From Allison Meyer
When I started graduate school, I had no idea that I would be able to travel internationally as a graduate student. With support of the Wilson G. Pond Appreciation Club International Travel Award, I was able to do just that, however, and have experiences that I will treasure for a lifetime.
My time “across the pond” began with attending the International Symposium on Ruminant Physiology in Clermont-Ferrand, France, where I also presented a poster on a portion of my doctoral work. Although I had attended several domestic meetings before, this meeting became my favorite up to that point because of its many different learning opportunities. I enjoyed attending the invited talks given by leading international scientists, talking with people from around the world about our research, and traveling around the southern French city. If my inability to speak French was not enough of a clue, I was quickly reminded I wasn’t in the US anymore as I watched the altered presentation format of original research papers. I must say, although I feel like I learned something during every minute I was at the meeting, the lesson I have used most was to expand my idea of how a research talk is given.
After a few days at the meeting, I traveled with my advisor, his wife, and daughter through Paris (a lovely first visit to the city) to Aberdeen, Scotland, for a week’s visit to the Rowett Institute of Nutrition and Health. There I was able to tour the facility, meet with several world-renowned scientists, and even see a few Scottish castles. On several occasions, I wanted to pinch myself to see if I really was talking with someone whose name I had read or cited so many times.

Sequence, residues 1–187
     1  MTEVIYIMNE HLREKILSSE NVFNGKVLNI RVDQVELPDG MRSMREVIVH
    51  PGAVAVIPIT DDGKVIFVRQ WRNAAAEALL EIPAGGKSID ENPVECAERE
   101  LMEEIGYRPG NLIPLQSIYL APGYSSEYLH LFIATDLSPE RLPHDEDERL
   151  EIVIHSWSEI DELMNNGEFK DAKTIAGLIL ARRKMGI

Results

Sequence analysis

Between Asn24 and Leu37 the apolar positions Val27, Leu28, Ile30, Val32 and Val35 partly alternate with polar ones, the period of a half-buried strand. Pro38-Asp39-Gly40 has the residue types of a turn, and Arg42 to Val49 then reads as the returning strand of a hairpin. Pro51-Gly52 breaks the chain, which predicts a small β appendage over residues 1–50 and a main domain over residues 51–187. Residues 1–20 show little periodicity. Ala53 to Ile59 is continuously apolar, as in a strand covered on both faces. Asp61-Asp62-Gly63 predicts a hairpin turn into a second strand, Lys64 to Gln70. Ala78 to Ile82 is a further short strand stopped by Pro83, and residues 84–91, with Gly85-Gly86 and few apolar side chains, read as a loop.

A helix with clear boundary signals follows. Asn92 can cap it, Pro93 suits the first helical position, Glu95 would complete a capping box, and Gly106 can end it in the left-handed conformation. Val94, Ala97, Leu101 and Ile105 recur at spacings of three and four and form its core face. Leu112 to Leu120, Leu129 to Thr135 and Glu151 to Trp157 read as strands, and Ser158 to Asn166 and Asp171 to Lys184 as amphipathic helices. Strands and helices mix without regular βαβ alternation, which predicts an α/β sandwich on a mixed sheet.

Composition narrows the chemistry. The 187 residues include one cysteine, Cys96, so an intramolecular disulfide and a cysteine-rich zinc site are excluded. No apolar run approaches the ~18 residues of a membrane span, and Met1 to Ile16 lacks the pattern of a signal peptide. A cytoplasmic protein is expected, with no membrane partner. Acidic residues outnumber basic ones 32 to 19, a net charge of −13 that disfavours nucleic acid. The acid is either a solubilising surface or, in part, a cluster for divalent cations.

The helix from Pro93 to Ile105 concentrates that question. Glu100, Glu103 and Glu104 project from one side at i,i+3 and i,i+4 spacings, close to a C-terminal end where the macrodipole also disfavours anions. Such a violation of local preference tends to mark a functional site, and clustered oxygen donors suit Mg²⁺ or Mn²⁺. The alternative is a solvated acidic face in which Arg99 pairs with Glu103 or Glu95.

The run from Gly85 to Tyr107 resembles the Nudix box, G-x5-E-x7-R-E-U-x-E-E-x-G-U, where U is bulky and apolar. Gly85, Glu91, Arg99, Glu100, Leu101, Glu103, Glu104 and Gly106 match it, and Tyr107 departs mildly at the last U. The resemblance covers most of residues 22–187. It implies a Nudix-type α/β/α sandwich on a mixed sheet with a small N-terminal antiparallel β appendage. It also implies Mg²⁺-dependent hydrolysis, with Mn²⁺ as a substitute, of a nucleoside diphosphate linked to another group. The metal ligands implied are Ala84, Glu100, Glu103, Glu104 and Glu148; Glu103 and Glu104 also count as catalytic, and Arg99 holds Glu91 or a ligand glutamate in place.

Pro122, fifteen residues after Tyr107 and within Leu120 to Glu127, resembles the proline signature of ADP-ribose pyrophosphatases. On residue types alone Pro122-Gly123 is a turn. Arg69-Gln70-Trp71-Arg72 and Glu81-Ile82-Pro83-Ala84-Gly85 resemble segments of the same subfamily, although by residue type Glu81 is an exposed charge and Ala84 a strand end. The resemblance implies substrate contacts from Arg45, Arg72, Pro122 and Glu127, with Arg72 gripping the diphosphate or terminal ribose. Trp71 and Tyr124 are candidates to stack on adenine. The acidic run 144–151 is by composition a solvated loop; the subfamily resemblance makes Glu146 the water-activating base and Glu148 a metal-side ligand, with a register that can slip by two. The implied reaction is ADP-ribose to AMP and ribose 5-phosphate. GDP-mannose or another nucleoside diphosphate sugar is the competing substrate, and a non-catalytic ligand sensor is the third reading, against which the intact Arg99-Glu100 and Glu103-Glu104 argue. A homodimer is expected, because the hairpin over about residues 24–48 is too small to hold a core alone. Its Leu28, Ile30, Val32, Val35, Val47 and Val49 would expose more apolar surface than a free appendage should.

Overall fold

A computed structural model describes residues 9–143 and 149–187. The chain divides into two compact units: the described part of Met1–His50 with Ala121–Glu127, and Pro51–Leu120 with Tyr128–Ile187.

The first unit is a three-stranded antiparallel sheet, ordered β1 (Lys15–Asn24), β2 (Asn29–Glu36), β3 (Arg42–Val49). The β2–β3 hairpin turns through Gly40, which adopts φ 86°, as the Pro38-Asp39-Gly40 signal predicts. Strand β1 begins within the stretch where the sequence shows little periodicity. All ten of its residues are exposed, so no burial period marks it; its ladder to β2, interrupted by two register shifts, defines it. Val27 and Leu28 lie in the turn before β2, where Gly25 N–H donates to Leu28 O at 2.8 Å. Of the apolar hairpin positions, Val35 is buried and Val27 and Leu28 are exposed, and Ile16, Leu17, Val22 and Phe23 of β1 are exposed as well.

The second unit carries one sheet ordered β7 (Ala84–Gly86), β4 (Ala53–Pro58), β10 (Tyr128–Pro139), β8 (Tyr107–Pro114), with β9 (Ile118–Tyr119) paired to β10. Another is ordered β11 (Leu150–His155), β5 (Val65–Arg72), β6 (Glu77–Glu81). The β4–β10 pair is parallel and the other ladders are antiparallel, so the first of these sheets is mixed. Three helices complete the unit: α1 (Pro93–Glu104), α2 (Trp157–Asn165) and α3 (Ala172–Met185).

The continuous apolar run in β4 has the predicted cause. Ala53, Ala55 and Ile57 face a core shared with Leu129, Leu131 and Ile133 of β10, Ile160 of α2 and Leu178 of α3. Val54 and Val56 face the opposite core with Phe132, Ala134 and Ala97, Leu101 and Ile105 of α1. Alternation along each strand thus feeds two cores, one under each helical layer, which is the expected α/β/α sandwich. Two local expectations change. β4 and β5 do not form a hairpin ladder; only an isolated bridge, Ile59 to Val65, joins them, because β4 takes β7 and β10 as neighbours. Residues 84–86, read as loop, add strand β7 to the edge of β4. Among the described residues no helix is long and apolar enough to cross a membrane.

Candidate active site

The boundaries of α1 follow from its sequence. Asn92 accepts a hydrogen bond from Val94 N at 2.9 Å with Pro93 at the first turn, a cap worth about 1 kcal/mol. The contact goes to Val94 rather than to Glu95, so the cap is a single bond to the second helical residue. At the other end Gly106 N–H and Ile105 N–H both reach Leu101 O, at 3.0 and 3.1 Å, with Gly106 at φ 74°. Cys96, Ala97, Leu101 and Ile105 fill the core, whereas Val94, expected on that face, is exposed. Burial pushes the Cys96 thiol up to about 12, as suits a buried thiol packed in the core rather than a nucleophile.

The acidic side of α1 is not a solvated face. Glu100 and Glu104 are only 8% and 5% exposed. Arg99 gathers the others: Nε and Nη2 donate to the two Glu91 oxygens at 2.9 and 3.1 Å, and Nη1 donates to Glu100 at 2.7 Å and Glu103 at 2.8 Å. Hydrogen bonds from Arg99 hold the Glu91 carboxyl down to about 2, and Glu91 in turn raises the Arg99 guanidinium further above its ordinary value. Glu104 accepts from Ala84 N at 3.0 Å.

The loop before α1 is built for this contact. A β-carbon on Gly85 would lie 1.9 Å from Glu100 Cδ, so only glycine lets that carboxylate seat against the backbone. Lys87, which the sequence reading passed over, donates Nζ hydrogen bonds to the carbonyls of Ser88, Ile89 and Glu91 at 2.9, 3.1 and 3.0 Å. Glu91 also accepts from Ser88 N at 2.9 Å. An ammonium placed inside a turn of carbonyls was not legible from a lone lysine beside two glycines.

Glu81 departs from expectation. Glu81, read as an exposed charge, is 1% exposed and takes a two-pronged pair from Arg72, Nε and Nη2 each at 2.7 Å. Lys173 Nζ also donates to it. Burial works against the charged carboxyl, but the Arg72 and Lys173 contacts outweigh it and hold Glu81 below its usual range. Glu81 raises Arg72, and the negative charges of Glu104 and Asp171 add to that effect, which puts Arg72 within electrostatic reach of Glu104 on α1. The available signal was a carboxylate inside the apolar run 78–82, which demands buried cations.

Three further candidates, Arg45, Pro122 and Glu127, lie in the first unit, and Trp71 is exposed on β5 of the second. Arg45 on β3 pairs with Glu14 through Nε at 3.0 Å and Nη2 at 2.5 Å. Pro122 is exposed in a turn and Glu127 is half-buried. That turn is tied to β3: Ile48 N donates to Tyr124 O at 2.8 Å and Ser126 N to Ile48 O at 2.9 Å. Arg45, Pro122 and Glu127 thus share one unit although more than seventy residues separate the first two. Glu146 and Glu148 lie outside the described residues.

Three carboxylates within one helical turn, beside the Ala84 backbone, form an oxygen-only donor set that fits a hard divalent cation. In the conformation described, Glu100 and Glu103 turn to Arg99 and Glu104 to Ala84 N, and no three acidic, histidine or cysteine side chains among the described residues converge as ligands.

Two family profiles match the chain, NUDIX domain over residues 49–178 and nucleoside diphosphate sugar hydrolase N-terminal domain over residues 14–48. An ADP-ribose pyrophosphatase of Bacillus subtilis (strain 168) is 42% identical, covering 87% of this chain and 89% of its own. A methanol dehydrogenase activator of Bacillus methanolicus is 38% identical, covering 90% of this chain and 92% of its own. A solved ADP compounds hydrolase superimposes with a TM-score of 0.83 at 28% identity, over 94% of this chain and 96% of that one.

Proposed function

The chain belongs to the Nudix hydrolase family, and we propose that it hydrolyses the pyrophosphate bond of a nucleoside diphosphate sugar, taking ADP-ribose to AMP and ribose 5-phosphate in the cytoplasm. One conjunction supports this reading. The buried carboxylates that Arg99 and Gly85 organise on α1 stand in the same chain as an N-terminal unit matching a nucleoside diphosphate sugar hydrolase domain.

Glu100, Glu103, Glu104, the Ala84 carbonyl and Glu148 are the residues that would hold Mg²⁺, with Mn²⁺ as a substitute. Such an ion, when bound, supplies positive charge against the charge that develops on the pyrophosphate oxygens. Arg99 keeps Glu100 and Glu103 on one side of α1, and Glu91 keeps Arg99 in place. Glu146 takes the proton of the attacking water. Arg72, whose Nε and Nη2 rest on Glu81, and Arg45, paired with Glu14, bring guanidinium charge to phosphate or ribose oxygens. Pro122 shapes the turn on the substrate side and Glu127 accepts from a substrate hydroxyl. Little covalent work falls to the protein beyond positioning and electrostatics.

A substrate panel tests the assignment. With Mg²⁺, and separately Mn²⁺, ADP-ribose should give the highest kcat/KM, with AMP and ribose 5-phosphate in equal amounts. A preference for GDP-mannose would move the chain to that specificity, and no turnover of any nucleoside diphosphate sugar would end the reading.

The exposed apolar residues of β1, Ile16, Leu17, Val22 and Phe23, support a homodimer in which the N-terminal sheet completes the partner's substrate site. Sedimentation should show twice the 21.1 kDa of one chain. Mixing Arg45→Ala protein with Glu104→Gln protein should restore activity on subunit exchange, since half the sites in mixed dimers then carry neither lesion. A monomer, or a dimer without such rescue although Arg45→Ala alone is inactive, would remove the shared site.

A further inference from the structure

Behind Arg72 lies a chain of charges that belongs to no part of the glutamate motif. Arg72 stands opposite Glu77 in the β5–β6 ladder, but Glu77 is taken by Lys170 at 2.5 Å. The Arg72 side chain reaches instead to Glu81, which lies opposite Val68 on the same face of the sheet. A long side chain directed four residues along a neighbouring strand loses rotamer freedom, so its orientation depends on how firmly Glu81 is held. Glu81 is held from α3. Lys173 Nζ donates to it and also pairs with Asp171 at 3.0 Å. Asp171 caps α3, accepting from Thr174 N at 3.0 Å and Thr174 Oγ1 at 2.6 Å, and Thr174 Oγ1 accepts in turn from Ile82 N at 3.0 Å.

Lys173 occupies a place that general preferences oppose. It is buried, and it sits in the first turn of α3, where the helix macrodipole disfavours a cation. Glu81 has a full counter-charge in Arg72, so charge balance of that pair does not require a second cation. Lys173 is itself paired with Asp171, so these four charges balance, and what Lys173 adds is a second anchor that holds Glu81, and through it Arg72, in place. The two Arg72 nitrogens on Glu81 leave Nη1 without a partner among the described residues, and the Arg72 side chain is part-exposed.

Overall, my 16-day trip to France and Scotland is one of the true highlights of my education. For this, I thank the Wilson G. Pond Appreciation Club and ASAS Foundation for sponsoring this international travel opportunity for students and early career scientists. If you are a graduate student, postdoctoral scientist, or early career member of ASAS and crave a little learning outside the US borders, I urge you to apply for this award, which will cover up to $2,500 in expenses for your international travel. Once you decide what experience you would like to have, be it attending an international meeting, learning in an international research setting, or a combination of both, the application is straightforward and simple. Learn more at http://www.asas.org/award_travel.asp#pond.
International collaboration is of particular importance in the current global economy and research climate, and the ability to communicate to scientists diverse in application and origin is crucial. I hope that you consider applying for this award. If you are not eligible, please encourage students and early career scientists you know to apply.